Pay the RM60k, KL SEA Games contractor tells Sports Ministry

Indoor hockey

It’s been close to a year since the 2017 KL SEA Games ended. However, unsavoury matters related to the regional meet have lingered on.

The latest controversy involves the damaged artificial turf used for indoor hockey from Aug 21-26 at the Malaysian International Trade and Exhibition Centre (Mitec). The contractor tasked to lay the turf, Kuckreja & Co, has not received the final payment.

The Malaysian Organising Committee (Masoc), which has yet to release the Games’ full report and expenditure, is keeping mum while Youth and Sports Ministry secretary-general Datuk Lokman Hakim Ali was quoted as saying Kuckreja & Co was not paid as the company did not remove the rubber surface.

Kuckreja & Co’s spokesperson Allan Netto insists the company was not tasked to remove the turf as he sets the record straight. Here’s what Allan told Twentytwo13:

“First, let me clarify that the Youth and Sports Ministry actually owes us RM60,000.

To understand our predicament better, let’s go back to what happened before the KL SEA Games.

Our first quotation to Masoc was on Sept 22, 2016. We had, in our paperwork, stated we required two to three months to lay the turf. We also pointed out that two to three weeks were needed to level the floor at the site.

The costing was done with two to three months’ work in mind. Nothing is written In our tender and contract about the removal of the turf. We raised this as we wanted to ensure we were all on the same page and were told that military personnel would remove the turf.

It was only on June 9, 2017 that we received the Local Order (LO) from Masoc. The LO serves as a guarantee that we will be paid for the job. The confirmation could have been done way earlier. I find this baffling as we all knew in 2015 that Kuala Lumpur would be hosting the 2017 Games and yet not much thought was put into it.

We ordered the artificial turf from our supplier in China on June 9, 2017. The turf was shipped to Kuala Lumpur on June 20. The turf arrived three days later and on July 3, we asked Masoc when we could lay the turf.

We were only given the green light on July 23. They told us the turf had to be ready by Aug 7 for a series of test matches between Malaysia and the Western Australia Institute of Sports. We told them it was too short a time. Masoc then gave us a grant of RM50,000 for the additional cost to get the job done fast. From that grant, we used RM30,000.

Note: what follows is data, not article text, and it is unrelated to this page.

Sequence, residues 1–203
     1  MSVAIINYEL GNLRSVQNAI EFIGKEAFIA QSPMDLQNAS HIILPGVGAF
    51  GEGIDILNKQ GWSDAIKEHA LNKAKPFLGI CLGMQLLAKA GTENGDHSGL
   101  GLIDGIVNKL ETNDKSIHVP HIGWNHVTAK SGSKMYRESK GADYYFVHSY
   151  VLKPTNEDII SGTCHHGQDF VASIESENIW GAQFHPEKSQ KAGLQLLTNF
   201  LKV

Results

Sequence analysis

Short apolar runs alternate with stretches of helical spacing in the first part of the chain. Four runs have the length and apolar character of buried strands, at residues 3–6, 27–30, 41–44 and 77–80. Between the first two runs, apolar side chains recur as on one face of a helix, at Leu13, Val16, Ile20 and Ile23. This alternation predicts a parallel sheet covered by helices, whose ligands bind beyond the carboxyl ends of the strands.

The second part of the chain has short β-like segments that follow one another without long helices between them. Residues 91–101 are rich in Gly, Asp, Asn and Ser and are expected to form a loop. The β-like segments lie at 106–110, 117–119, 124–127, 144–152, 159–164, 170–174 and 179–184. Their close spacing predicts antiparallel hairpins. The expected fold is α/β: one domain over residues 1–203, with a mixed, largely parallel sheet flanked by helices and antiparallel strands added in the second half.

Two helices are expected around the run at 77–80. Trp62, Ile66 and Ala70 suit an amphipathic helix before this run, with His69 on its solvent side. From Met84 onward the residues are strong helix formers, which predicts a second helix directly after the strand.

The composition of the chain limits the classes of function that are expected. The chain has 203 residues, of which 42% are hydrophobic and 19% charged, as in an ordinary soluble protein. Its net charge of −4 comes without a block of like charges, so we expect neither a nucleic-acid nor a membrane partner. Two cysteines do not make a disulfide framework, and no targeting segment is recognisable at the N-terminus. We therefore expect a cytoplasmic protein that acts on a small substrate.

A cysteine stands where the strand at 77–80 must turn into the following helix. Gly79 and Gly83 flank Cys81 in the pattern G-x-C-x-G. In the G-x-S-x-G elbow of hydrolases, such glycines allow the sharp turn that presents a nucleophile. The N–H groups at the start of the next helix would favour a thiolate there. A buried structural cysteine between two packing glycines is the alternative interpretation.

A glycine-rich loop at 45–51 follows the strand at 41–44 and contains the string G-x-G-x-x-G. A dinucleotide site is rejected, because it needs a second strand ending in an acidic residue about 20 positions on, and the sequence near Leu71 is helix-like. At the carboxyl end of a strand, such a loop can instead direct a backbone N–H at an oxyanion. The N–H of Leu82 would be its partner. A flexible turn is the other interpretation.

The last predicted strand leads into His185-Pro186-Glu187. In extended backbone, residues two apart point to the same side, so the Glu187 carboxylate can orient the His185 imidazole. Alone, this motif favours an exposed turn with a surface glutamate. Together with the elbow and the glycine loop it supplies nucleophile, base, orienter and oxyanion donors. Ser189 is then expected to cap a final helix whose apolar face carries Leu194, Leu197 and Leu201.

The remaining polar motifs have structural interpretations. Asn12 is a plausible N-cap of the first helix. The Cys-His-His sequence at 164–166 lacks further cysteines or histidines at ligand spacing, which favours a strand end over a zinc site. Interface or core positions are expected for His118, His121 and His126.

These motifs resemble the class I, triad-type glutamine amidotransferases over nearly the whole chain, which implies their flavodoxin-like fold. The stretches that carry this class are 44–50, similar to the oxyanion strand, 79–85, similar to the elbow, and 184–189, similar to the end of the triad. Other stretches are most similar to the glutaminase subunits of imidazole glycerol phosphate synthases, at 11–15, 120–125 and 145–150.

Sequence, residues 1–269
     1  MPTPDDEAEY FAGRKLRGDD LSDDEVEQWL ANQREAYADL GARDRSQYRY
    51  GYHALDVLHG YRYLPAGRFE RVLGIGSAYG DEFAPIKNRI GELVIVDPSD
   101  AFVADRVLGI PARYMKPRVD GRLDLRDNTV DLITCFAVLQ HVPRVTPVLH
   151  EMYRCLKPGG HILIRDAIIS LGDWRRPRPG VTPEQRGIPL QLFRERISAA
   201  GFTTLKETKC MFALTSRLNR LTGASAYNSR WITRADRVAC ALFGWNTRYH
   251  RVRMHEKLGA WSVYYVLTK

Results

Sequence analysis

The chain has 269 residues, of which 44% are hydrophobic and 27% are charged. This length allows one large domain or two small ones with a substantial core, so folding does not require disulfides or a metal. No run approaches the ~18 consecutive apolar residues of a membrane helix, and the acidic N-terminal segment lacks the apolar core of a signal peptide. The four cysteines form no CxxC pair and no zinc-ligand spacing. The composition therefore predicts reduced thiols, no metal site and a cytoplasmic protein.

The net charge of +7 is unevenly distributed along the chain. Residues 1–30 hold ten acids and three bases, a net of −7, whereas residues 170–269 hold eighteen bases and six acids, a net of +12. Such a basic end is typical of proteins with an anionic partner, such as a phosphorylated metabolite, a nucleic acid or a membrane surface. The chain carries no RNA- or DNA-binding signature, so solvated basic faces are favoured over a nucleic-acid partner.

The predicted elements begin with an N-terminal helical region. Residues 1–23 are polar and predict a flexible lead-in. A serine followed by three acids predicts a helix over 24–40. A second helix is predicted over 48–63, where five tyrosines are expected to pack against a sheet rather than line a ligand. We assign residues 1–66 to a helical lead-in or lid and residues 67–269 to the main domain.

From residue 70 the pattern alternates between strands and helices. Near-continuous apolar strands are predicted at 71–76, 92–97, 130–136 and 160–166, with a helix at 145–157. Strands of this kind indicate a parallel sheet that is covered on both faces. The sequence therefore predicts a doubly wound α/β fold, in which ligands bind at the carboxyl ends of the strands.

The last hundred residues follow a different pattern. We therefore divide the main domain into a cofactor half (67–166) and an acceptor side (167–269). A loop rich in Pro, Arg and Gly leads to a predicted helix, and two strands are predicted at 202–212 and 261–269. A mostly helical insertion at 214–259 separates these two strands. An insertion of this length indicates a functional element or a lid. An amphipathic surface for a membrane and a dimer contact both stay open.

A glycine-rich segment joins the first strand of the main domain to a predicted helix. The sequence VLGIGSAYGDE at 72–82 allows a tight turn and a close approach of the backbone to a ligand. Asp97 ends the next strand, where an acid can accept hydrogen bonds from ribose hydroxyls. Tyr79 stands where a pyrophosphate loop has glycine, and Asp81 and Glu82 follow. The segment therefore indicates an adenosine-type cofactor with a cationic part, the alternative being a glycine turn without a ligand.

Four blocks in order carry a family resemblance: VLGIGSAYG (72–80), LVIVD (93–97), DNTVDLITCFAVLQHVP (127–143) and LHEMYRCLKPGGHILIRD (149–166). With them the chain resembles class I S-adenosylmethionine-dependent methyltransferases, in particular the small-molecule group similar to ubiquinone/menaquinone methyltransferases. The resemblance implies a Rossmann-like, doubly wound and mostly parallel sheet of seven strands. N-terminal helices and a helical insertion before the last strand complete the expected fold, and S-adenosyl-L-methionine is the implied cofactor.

The rush job resulted in a bumpy surface and we had to re-lay the turf. We were told to do it “for the country” and to consider it as “national service”.

We were given a letter allowing us to claim for the additional work upon completion. However, no amount was stated despite us providing Masoc a breakdown of our cost amounting to RM65,000. With the surplus of RM20,000 from the earlier grant, our bill was RM45,000. We insisted that the amount be included in the letter to avoid any issues later.

Our company was established in 1946, way before Merdeka. So we know what national service, nation building and contributing to the country are all about.

We completed our task before the main competition started on Aug 21. There were no complaints by the competing teams.

After the tournament, we were told to remove the turf. This was not reflected in our contract and it would mean additional cost. This was conveyed to Masoc hockey liaison officer Zalina Zahid. She told us military personnel would clear the venue and transport the equipment to a store in Balakong. We were told to teach the army guys how to roll the turf, to which we agreed.

But after the Para Games, we were informed we were supposed to remove the turf as the military personnel were unable to do so and would only provide trucks to transport the equipment. When we went to the site, foreign workers removing other fittings at the venue had already damaged the pitch. We did what we could and the additional work cost RM15,000.

We were reluctant to remove the turf because of the organisers’ unwillingness to put the amount we quoted in black and white. We were told that if we didn’t remove the turf, we would not get full payment.

We have obtained payment for the initial laying of the turf but not the RM45,000 and RM15,000 for re-laying and removing the turf.

All this could have been avoided through proper planning and documentation. Let’s be professional about this. We have written to Lokman and provided him a breakdown of the cost.

We are eager to settle this matter. We hope to meet Lokman soon to clear the air and move on.”